I’ve been both awed and frustrated by the nocturnal tendencies of mature bucks for years, but last season was ridiculous. Everywhere I went, from Virginia to Canada to Indiana, bucks 3 years of age and older showed up on trail camera at night but moved little and randomly in daylight hours. On all the lands I hunted, human pressure, which can turn bucks nocturnal overnight, was light to nonexistent. Was this just me, or were other hunters experiencing the same?

“We saw exactly the same thing on our north-central Pennsylvania farm,” said biologist Kip Adams with the National Deer Association. “I know of many folks in the eastern half of the U.S experienced the same thing. I firmly believe it had to do with the unseasonably warm temperatures. At least on our farm, mature bucks, and most does for that matter, were not hitting our traditional November/December food plots of corn, brassicas and winter cereal grains until after dark. We take extreme care to not pressure our best food plots, but even those were pretty empty during shooting hours last fall.”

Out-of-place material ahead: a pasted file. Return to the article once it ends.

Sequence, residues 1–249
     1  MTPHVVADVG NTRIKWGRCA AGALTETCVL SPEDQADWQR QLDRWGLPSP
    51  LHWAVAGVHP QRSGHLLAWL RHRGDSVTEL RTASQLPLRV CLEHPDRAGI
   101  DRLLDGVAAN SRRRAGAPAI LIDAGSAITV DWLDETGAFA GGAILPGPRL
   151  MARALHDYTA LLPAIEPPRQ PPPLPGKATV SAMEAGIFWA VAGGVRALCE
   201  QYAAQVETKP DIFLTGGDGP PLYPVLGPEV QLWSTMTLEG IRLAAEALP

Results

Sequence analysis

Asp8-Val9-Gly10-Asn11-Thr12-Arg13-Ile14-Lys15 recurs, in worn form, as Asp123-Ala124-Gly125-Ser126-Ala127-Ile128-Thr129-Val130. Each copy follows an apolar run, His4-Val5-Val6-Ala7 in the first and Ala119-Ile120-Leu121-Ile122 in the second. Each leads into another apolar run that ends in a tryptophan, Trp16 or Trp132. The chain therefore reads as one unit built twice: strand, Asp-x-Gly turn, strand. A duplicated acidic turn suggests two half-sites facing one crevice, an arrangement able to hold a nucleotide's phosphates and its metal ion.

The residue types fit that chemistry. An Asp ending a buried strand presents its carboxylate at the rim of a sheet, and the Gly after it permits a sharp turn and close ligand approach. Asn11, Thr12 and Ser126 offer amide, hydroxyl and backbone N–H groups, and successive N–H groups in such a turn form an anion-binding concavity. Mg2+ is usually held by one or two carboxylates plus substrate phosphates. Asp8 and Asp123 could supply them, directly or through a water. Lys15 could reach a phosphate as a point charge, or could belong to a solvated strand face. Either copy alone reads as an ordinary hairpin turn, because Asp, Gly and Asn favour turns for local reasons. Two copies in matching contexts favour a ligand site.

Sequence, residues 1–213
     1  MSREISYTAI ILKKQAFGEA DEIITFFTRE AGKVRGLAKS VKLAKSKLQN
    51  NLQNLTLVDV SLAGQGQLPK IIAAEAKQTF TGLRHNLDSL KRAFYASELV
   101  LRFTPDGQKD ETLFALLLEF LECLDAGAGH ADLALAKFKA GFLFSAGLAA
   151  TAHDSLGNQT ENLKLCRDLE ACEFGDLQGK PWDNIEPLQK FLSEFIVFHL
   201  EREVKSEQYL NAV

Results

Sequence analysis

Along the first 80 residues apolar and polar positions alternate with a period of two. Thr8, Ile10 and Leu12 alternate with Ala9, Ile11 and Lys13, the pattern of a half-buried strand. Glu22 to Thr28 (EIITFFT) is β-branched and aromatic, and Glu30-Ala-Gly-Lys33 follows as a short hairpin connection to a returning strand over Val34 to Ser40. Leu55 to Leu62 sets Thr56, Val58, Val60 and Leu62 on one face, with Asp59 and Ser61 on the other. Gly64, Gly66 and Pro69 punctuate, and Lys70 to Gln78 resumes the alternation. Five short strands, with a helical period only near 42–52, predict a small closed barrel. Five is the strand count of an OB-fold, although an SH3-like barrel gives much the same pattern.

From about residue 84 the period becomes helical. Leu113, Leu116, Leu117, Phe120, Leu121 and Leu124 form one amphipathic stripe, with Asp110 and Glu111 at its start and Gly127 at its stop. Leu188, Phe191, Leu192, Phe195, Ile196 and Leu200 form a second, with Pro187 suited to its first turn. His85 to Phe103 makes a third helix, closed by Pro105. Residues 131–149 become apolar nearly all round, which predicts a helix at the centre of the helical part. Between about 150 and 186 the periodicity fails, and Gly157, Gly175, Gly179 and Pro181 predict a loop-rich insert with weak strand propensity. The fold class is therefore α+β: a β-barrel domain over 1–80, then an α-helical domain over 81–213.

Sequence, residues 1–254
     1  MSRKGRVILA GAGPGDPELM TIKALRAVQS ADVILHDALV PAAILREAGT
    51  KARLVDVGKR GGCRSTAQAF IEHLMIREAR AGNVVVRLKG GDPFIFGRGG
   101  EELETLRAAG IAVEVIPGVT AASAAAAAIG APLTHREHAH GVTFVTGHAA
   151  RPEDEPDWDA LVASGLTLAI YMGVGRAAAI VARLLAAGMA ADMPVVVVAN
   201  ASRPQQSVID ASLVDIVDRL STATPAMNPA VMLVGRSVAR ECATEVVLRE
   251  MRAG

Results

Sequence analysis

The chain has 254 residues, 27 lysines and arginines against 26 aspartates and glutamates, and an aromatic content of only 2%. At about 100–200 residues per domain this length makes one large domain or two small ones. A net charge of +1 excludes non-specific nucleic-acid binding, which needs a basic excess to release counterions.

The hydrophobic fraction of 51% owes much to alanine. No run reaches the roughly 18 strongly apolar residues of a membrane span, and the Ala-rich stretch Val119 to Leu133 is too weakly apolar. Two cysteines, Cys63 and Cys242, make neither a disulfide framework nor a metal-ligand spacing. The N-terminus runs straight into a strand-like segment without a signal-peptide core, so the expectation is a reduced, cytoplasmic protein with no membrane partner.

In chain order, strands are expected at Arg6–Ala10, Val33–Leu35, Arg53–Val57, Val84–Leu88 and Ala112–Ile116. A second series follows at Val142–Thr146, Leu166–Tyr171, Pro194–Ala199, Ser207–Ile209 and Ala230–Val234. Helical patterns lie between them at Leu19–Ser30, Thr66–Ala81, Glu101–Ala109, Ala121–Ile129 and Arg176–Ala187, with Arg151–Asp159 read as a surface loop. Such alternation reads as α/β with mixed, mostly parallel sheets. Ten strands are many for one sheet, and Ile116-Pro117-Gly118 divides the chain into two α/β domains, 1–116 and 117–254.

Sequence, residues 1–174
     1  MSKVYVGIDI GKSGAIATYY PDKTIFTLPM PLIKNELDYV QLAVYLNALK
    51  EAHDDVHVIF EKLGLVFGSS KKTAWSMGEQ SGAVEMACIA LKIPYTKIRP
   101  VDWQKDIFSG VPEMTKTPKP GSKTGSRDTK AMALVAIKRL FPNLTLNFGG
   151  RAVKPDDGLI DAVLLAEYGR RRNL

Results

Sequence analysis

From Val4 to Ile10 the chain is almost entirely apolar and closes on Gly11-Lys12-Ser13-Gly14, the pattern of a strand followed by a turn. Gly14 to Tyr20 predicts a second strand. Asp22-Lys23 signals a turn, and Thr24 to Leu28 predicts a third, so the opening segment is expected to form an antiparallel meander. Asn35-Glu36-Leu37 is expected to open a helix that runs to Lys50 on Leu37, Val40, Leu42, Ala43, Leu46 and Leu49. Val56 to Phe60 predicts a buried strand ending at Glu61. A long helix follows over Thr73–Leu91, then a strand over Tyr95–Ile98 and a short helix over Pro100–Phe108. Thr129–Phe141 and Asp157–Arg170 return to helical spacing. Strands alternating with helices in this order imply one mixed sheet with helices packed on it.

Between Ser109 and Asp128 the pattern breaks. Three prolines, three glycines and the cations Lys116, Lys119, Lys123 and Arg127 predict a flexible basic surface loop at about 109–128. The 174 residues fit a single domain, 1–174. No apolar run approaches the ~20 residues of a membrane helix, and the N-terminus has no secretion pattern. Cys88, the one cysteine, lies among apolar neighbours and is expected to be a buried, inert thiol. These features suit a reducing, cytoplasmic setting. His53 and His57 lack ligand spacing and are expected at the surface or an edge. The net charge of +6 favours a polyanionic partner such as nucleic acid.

I do not expect last fall to be a one off. With warm weather likely to dominate deer seasons to come across most of the country, I believe we’ll have to deal with bucks that are more nocturnal and night-moving than ever.